Andreas Geiger, former student at Wheaton College
Jared Ellingsen, former student at Wheaton College
Abigail Williams, former student at Wheaton College
Yi Yen Heng, current student at Wheaton College
Nathan Taylor, current student at Wheaton College
Emma DiBernardo, current student at Wheaton College
Dr John Kasianowicz, National Institute of Standards and Technology, Gaithersburg, MD
Camille and Henry Dreyfus Foundation
Petroleum Research Fund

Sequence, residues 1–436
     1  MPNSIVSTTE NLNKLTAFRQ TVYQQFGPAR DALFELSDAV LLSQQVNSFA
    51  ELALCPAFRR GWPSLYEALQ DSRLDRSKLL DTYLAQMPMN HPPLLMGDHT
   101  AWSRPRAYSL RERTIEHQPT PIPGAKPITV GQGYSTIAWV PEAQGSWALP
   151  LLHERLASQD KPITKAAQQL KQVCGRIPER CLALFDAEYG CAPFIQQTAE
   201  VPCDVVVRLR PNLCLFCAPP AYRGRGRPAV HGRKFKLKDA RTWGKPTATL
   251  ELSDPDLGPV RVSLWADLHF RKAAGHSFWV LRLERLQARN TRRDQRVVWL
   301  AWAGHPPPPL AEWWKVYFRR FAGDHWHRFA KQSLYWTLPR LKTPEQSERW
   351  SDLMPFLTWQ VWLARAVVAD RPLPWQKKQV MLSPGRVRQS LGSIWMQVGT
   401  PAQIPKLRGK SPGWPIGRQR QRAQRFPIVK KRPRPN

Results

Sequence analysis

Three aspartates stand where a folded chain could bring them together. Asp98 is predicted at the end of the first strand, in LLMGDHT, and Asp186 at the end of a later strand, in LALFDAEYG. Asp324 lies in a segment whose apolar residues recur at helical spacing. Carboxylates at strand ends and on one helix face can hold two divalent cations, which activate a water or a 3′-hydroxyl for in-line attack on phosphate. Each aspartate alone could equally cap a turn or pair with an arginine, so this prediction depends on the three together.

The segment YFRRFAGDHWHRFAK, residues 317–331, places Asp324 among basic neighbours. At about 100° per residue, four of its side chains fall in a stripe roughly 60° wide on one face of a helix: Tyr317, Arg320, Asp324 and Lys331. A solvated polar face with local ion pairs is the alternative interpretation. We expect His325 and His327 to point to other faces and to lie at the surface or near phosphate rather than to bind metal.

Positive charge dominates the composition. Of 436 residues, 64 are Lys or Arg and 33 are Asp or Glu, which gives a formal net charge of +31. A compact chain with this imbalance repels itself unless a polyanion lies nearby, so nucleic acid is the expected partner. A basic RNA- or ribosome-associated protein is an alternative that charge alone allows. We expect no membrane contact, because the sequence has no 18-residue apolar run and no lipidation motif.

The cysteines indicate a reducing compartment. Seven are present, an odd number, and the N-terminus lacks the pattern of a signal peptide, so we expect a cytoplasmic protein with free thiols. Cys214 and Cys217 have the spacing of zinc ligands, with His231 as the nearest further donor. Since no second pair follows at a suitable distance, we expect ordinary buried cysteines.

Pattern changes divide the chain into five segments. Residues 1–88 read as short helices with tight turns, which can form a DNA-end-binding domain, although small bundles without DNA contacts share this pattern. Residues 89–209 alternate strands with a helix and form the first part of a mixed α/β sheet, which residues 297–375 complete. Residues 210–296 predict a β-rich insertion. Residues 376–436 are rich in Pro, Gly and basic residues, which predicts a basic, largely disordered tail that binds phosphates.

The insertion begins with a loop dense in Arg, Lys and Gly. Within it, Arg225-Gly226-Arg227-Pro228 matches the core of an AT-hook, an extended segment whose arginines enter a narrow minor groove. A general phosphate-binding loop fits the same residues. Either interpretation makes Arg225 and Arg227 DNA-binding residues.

National Institute of Standards and Technology
National Science Foundation
Wheaton College Alumni Foundation
ED Pederson, J Barbalas, BS Drown, MJ Culbertson, LM Burden, JJ Kasianowicz and DL Burden, Proximal Capture Dynamics for a Single Biological Nanopore Sensor, The Journal of Physical Chemistry B, 2015, 119, 10448–10455.
JE Reiner, JW Robertson, DL Burden, LK Burden, A Balijepalli, JJ Kasianowicz, Temperature sculpting in yoctoliter volumes, Journal of the American Chemical Society, 2013, 135, 3087–94.
EL Chandler, AL Smith, LM Burden, JJ Kasianowicz, DL Burden, Membrane surface dynamics of DNA-threaded nanopores revealed by simultaneous single-molecule optical and ensemble electrical recording, Langmuir, 2004, 20, 898–905.